Strandline’s Mineral Sands Project Earns A Well-Deserved Mention In Annual List Of Leading Undeveloped Assets

By Barry Fitzgerald | More Articles by Barry Fitzgerald

Owning one of the best-undeveloped minerals projects (BUPs) is no guarantee of success. But it stands to reason that it helps.

Screening all of the projects out there for their BUP candidature is a major task for the average investor. Thankfully though, the analysts at Argonaut do all the hard work on an annual basis.

Their 2018 review of the BUPs is now floating around and the over-riding theme was that there are fewer of them around this year because of the lag between exploration expenditure rising and discoveries being made.

Argonaut’s ‘bottom-up’ assessment of the BUPs is commodity and management-agnostic and has five key selection criteria: the projects considered for inclusion are at the development stage between scoping study and pre-commercial production, they must have an internal rate of return of more than 25%, they must demonstrate the capacity to be profitable through all market/commodity price cycles, they must have a high likelihood of achieving more than $100m project valuation within 24 months and they must have a market cap of less than $5 billion.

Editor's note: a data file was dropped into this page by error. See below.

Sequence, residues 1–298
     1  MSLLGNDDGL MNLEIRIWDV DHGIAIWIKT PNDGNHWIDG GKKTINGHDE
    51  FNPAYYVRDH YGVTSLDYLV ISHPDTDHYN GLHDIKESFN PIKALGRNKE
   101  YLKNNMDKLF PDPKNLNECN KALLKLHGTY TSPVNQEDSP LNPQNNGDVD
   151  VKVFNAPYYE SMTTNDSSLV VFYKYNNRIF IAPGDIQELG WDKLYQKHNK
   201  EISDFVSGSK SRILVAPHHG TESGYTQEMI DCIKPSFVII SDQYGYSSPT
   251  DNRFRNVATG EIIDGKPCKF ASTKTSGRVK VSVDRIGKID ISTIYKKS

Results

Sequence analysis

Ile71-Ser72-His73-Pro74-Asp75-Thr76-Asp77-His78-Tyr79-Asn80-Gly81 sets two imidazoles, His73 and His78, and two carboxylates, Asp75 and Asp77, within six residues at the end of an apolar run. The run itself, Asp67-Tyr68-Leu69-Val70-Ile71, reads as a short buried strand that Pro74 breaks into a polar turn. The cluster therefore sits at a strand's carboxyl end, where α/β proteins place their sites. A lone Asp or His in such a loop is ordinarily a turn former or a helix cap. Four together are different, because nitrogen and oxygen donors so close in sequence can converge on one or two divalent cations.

It is well worth a read. But today’s interest is in Argonaut’s inclusion of the mineral sands developer Strandline (STA) in its “special mention projects” that sit in the second tier of the firm’s assessment of who has the BUPs.

Argonaut has a 20c price target on the stock after applying a 30% discount to its 28c a share valuation of Strandline’s start-up Fungoni project in Tanzania and its other interests in the country as well as its much larger Coburn project in Western Australia.
The target price is kind of interesting given Strandline is currently trading at 9.8c. Like the other mineral sands players, it has come under price pressure in the past couple of months because of overblown concerns with rutile prices.

Forgetting for a moment that Strandline’s projects are skewed more to zircon than rutile, the sell-off is despite the advice from the local king of the business, Iluka, that while prices might be softening, the rutile market remains particularly tight. Read more + 

Barry Fitzgerald

About Barry Fitzgerald

Barry Fitzgerald has covered the resources industry for 30 years. His column highlights the issues, opportunities and challenges for small and mid-cap resources stocks - most recently penned his column for The Australian newspaper and before that, The Age.

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